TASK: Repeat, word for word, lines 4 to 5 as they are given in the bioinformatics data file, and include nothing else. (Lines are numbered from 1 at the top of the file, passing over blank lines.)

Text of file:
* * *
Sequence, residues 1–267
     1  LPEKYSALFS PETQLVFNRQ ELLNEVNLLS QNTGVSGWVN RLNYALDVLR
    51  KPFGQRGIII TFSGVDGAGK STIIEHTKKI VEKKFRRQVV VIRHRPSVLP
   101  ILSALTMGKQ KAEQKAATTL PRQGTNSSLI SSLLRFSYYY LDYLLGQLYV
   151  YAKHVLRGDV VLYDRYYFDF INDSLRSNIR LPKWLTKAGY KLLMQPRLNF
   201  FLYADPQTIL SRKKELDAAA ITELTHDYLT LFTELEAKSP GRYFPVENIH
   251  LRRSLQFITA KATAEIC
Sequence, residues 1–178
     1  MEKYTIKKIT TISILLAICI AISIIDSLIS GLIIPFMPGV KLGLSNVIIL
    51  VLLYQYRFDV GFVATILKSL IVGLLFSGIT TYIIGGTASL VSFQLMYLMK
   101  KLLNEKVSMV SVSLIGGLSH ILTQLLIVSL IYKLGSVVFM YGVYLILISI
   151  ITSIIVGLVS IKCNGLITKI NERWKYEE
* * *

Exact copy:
   101  ILSALTMGKQ KAEQKAATTL PRQGTNSSLI SSLLRFSYYY LDYLLGQLYV
   151  YAKHVLRGDV VLYDRYYFDF INDSLRSNIR LPKWLTKAGY KLLMQPRLNF